Whether you are a visitor or a volunteer enjoy your time here, soak it up, pour out your worries and let the Walden Farm replenish your stores of peaceful content. Take advantage of the pool for nice swims, and take long walks around all the beautiful ponds reflecting the the view into double, walk down the dark paths free of street lights and soak in the stars. When your time to go comes, say goodbye to the good people at Walden Farm, and take whatever peace, hope, and appreciation of the earth you have gained here and spread it to wherever you may go in the world, that is the greatest justice you can do to this place and the reason it exists.

 

SWINE & WINE AT SICHUAN

SWINE & WINE AT SICHUAN

This China trip was mainly to reconnect with my roots and to experience life of Chinese ethnic minorities, who tend to have the closest relationship with Nature. Many of these 55 ethnic groups congregate around Yunnan & Guizhou, but finding a Workaway/HelpX host in these 2 poorest provinces has been challenging… Instead of staying at Xi’an before my Yunnan family trip, I gave Sichuan a try despite of my spicy-food intolerance. Afterall, China is a huge country with vast diversity to be experienced, and Walden farm turned out to be a very pleasant surprise!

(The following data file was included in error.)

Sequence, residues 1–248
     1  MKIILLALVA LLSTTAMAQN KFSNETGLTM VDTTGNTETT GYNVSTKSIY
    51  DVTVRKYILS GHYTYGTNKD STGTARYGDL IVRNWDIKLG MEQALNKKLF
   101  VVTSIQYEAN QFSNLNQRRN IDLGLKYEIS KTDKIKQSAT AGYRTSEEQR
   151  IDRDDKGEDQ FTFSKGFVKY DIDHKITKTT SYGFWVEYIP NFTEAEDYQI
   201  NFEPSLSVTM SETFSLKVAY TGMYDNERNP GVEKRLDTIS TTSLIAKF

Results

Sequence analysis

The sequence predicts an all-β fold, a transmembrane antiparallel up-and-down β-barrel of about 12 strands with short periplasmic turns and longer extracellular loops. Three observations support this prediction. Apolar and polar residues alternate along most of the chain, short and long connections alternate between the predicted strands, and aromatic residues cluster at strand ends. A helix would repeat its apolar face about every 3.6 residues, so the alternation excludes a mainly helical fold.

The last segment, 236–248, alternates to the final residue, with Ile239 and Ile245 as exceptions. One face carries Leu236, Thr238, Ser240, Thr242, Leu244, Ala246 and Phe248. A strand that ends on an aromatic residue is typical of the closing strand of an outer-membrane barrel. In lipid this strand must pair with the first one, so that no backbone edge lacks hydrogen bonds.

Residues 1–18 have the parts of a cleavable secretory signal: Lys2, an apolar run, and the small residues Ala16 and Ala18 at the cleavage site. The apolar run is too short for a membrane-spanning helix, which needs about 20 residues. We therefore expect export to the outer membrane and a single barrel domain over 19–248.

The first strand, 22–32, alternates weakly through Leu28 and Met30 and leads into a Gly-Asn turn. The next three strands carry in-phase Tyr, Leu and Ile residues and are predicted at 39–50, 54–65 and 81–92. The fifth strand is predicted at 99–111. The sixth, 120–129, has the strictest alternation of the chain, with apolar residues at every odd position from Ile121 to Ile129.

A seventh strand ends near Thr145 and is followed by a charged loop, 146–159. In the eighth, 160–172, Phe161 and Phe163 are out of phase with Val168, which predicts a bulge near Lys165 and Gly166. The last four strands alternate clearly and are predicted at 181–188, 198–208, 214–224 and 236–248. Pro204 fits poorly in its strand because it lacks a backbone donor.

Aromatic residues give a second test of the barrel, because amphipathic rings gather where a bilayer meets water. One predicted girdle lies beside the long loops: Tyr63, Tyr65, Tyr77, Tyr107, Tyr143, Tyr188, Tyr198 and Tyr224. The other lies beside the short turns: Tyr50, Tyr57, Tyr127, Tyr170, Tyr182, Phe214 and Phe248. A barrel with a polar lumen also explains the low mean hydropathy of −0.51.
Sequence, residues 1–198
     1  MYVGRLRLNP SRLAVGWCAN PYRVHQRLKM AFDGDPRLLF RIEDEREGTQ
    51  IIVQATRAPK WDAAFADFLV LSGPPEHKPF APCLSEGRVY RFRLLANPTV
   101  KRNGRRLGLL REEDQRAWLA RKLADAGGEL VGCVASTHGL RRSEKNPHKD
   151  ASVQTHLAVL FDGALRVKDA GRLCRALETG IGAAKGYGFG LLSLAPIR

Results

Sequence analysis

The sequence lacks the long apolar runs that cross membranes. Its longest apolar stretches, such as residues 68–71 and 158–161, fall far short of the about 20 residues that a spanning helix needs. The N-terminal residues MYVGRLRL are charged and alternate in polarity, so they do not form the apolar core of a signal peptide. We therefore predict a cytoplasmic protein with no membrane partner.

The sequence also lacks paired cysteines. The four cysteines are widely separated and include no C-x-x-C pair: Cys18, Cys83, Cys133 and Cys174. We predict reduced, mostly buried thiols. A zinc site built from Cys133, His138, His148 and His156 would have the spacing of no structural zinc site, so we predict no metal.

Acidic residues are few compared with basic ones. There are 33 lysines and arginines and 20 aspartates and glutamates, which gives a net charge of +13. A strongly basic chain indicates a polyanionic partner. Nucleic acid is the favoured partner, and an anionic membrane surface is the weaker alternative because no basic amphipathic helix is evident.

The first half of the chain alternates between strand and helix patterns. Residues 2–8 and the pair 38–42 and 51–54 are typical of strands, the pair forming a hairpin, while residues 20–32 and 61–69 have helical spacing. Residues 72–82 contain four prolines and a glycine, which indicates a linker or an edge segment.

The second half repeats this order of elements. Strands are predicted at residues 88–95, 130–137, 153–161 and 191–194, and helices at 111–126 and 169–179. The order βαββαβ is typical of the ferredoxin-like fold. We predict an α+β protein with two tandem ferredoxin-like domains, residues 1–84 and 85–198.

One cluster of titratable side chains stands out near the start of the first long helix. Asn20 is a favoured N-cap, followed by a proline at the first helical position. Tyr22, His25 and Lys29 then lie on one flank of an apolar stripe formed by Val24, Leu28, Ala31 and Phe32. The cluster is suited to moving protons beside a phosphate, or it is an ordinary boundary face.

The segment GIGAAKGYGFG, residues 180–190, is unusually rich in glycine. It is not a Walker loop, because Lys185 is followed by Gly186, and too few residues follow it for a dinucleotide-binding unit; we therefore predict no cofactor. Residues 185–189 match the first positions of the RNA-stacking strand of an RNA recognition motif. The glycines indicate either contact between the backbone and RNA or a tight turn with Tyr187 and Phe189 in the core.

It started with a rather uncomfortable bus ride for 10 hours from Xi’an, with swifts of faecal smell and our driver honking every 5 minutes. But I was happy finding fruits to be a common snack option at highway rest stops, and even happier to be offered the sweetest pear by a fellow passenger!

As I arrived Walden farm, I was warmly welcomed by the big Lin family over dinner, for a luxurious 2-weeks stay in the bamboo strawhouse built by old local craftsmen, spending after-work time in the swimming pool, and most surprisingly, having access to a clean sit-down toilet.